Visa 1Q profits rise 6%, new CEO to take over Feb. 1

Jan 25, 2023, 11:59 PM | Updated: Jan 26, 2023, 2:11 pm
FILE - This Aug. 11, 2019, photo shows a Visa logo on a credit card in New Orleans. Visa Inc. repor...

FILE - This Aug. 11, 2019, photo shows a Visa logo on a credit card in New Orleans. Visa Inc. reports earnings on Thursday, Jan. 26, 2023. (AP Photo/Jenny Kane)

(AP Photo/Jenny Kane)

NEW YORK (AP) — Payment processing giant Visa Inc. said Thursday that its profits rose 6% in its latest quarter from a year earlier, helped by the continued rise of digital payments across the globe.

The company also said its current CEO, Al Kelly, will step down on Wednesday. He will be replaced by his second-in-command, Ryan McInerney.

The San Francisco-based company said it earned $4.18 billion, excluding a handful of one-time items, or $2.18 a share, in the three-month period that ended Dec. 31. That’s compared to a profit of $3.96 billion in the same period a year ago. Visa’s results beat analysts’ expectations, according to FactSet.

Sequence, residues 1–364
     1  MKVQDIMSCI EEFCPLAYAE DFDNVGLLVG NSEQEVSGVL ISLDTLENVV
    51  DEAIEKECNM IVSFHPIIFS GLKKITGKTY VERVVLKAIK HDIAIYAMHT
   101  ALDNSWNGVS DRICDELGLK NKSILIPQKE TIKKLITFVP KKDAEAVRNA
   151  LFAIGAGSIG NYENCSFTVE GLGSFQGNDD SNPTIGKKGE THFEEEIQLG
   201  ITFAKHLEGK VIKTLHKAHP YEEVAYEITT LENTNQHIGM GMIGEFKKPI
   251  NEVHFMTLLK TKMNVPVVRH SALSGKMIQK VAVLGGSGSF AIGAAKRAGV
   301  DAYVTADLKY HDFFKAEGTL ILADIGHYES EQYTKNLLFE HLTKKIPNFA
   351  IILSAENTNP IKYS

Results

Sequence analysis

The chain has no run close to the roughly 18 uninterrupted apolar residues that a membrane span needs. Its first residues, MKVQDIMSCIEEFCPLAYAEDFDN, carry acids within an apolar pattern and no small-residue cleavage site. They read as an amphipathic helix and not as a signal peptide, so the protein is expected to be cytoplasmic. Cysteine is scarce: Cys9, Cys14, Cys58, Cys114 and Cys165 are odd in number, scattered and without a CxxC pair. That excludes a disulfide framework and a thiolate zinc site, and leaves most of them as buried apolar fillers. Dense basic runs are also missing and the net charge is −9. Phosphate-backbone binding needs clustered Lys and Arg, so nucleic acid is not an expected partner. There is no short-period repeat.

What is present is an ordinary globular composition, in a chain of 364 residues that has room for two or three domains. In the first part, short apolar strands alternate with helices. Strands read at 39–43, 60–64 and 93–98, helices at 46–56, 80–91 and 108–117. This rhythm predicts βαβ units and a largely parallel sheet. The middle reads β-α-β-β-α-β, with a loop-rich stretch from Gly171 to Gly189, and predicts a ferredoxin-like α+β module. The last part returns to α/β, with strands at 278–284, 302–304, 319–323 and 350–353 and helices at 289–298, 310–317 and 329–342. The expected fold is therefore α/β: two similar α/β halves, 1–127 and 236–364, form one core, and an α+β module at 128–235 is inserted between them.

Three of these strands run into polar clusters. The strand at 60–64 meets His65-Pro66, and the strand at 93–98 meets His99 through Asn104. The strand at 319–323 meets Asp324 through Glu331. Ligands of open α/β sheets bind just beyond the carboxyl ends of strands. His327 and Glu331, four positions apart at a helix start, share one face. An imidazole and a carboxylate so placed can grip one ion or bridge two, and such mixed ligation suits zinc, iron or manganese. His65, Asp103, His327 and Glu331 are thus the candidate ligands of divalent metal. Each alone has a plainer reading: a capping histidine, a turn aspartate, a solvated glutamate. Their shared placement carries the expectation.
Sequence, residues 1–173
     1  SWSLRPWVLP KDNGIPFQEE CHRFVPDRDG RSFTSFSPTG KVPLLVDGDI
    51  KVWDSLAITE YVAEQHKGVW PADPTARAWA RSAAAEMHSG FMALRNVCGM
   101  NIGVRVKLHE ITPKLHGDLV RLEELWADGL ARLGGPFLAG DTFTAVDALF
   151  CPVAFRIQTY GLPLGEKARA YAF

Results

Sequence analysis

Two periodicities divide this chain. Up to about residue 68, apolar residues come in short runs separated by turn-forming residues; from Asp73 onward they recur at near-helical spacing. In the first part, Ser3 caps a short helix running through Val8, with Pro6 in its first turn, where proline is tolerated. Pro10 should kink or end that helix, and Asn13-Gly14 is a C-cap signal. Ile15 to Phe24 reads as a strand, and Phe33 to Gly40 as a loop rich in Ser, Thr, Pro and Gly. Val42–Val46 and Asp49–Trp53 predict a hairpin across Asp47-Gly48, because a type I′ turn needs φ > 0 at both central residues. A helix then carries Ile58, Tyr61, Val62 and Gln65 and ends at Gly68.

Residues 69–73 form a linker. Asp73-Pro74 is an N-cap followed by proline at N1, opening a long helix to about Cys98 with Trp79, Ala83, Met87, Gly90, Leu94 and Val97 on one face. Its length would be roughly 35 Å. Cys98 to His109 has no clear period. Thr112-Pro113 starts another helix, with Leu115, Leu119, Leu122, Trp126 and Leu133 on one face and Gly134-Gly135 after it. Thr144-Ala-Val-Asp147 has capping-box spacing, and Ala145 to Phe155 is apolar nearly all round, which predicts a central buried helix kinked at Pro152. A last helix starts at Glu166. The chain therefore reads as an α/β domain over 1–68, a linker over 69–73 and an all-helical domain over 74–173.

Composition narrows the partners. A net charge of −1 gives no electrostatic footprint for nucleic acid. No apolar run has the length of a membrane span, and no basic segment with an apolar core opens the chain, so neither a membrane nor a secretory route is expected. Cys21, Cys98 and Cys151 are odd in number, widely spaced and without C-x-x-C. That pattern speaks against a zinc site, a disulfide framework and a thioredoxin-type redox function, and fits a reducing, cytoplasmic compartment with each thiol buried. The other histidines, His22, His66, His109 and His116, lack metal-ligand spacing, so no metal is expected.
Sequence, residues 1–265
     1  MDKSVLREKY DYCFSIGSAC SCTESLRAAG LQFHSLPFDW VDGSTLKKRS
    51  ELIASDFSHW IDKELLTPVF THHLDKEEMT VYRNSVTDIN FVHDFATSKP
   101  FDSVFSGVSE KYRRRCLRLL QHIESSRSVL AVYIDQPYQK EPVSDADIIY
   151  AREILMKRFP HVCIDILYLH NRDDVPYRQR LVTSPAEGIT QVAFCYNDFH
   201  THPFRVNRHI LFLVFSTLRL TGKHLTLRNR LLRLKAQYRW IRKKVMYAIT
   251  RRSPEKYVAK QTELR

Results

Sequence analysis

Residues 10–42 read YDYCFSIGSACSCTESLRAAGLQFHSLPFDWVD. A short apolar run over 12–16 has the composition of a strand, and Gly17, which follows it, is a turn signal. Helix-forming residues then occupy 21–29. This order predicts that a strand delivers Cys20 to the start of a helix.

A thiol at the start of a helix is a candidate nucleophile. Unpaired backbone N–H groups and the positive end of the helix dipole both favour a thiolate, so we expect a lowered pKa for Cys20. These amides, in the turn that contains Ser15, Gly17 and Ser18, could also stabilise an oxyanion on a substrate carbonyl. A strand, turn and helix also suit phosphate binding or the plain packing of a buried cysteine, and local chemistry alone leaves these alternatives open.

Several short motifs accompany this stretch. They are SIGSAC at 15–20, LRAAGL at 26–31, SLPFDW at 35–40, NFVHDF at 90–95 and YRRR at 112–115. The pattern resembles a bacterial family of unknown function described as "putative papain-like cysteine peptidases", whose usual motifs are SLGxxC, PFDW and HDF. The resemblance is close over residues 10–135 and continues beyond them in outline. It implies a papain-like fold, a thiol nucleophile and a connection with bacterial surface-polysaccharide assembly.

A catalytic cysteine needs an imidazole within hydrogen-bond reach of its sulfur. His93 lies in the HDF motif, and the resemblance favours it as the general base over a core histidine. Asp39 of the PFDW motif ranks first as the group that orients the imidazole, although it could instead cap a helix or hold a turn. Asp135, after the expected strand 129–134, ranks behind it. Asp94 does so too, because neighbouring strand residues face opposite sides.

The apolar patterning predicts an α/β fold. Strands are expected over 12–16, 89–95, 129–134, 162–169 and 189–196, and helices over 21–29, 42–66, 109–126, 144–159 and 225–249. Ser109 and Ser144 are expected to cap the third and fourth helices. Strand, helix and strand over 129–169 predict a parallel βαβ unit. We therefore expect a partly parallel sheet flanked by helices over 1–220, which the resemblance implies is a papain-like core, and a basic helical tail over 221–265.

For several years, Visa has benefited from the broad adoption of credit and debit card transactions across the world as well as in places that typically were cash only, such as coffee houses or bars.

Payments volume — the amount of money spent on Visa’s network — started rising even faster after the coronavirus pandemic, which led to even broader adoption of digital payments. That was good for Visa’s bottom line because the company earns a fee off every transaction processed on its network.

Consumers and businesses spent $3.014 trillion on Visa’s network in the last three months of 2022, up 7% from a year earlier. The number of processed transactions on the company’s network was up 10% from a year earlier.

In late November, Visa named McInerney as its new CEO, with Kelly taking the role of executive chairman. Kelly had been CEO of Visa since 2016, previously a long-time executive at American Express.

McInerney, 47, had been in current role since 2013.

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Visa 1Q profits rise 6%, new CEO to take over Feb. 1